Yisrael Beiteinu Bill Could Help Criminals Gain Citizenship

Jonathan Lis
Jonathan Lis
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Defense Minister Avigdor Lieberman at the Knesset, December, 2016.
Defense Minister Avigdor Lieberman at the Knesset, December, 2016.Credit: Emil Salman
Jonathan Lis
Jonathan Lis

Yisrael Beiteinu is promoting a bill that would require the Interior Minister to immediately grant an Israeli passport to new immigrants who choose not to settle in Israel, as long as they forgo the material benefits granted to new immigrants.

The Public Security Ministry warned over a decade ago that such a step would in fact benefit foreign criminals and dodgy international businessmen.

New immigrants are eligible to receive an Israeli passport only after one year of residence, and only after it is determined that Israel is the “center of their lives.”

The bill’s preamble says its purpose is to make it easier for new immigrants whose families remained abroad to travel during the initial one-year period. The bill has been proposed many times over the years, sponsored by both left-wing and right-wing Knesset members, but without success.

The proposed law will be discussed by the Ministerial Committee on Legislation on Sunday, which will decide whether to give the bill official government backing.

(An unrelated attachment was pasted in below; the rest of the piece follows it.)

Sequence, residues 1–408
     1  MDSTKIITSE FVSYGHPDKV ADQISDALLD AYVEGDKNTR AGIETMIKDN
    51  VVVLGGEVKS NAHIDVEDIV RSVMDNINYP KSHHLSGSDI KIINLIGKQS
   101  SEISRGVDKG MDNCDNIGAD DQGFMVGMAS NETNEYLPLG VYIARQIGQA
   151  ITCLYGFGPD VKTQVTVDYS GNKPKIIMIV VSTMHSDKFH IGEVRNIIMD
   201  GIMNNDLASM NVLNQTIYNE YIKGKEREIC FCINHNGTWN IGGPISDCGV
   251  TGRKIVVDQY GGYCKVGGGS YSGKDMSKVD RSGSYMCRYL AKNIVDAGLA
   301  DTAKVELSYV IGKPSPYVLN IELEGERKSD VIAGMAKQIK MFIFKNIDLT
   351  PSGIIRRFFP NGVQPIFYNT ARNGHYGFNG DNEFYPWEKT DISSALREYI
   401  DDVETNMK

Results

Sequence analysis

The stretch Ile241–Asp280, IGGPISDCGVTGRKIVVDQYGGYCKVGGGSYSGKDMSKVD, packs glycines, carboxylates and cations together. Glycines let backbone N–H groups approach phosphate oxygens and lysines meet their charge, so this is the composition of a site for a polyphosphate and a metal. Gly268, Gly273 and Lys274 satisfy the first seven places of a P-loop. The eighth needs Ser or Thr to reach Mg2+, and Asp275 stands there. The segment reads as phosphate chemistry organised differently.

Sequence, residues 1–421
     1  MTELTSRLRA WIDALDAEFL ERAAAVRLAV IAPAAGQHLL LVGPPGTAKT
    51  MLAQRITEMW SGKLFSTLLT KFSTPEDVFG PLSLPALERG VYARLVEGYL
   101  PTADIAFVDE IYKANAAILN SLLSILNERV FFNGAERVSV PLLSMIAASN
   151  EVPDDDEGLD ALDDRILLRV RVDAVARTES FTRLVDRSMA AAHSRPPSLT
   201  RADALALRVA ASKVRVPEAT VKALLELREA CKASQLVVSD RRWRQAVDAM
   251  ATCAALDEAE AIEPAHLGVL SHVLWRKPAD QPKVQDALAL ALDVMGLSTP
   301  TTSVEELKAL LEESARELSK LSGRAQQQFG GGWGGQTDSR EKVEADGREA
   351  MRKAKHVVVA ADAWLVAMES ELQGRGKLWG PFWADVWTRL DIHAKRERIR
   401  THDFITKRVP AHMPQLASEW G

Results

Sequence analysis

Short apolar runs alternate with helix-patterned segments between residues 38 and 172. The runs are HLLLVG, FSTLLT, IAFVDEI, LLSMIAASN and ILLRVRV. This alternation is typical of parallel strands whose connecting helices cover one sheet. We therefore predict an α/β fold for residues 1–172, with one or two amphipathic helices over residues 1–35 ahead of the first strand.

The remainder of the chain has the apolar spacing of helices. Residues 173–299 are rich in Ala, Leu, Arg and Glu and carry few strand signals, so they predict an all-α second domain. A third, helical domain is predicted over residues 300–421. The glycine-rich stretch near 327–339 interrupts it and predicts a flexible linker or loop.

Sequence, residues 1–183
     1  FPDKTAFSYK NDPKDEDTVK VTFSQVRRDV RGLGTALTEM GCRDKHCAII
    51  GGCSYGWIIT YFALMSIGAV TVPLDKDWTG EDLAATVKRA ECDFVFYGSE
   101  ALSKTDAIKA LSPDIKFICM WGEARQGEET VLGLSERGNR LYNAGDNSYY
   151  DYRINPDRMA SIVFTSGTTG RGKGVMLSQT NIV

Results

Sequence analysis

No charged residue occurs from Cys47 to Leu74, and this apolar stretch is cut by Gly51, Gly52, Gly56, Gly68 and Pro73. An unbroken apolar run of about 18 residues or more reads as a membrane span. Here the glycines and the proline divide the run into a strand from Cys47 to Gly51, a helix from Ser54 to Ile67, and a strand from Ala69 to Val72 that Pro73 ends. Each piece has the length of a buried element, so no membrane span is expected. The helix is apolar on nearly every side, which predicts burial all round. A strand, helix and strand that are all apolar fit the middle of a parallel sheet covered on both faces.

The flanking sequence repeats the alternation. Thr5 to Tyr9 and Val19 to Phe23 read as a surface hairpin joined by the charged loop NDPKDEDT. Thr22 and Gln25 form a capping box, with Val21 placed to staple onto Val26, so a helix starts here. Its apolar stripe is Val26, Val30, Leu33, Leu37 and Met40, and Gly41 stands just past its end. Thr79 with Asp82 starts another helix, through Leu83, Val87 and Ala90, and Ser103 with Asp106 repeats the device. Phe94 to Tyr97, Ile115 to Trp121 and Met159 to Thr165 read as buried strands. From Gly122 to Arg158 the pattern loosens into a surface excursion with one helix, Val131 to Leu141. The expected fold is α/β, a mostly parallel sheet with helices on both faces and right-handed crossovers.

In 2004, the cabinet decided to permit, but not require, the interior minister to issue passports in such cases, even if the immigrant plans to continue living outside of Israel. At the time, the main justification for the decision was to allow someone who represents Israel overseas in such areas as science, culture, art or sports to do so with an Israeli passport.

After the resolution was passed, representatives of the Public Security Ministry made it clear that such a step could serve as an opening for criminals, including shady oligarchs, to use such passports.

“There are many criminal elements who simply very much want to receive and Israeli passport in order to remove all the limitations on their trips overseas and their businesses,” said at the time police Chief Inspector Marina Barel-Rosenzweig, who was in charge of the international crimes unit in the Public Security Ministry.

She told the Knesset Interior and Environment Committee, in a session called in the wake of the cabinet resolution, that the police found its terms problematic, particularly concerning businessmen from the former Soviet Union, and the police were very worried about such people bringing into Israel funds of unknown provenance — even though many such individuals were legitimate businessmen who contributed to Israel’s economy.

People who receive an Israeli passport will travel all over the world and represent themselves as Israeli citizens, and afterwards the police here will receive extradition requests and other requests from countries with which Israel has excellent relations, added Barel-Rosenzweig. “In the end it will become our problem, even though the person almost never enters Israel.”